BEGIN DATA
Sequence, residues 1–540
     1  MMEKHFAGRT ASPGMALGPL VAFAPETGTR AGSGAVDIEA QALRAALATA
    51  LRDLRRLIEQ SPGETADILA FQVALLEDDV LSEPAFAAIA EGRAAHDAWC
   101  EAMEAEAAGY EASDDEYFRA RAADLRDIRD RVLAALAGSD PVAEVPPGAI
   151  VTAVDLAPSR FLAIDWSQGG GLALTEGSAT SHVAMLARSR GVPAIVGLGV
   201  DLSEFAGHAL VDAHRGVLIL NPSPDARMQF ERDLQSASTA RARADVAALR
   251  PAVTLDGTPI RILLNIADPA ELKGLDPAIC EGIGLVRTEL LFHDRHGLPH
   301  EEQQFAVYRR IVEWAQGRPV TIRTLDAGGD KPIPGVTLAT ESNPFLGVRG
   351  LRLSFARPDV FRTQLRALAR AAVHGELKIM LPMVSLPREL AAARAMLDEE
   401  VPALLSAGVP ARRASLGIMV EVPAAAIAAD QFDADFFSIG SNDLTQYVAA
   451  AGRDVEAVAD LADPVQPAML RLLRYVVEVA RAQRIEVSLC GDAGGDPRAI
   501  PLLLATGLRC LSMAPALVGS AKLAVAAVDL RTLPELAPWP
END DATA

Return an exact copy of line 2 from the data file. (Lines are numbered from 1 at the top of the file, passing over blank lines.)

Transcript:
     1  MMEKHFAGRT ASPGMALGPL VAFAPETGTR AGSGAVDIEA QALRAALATA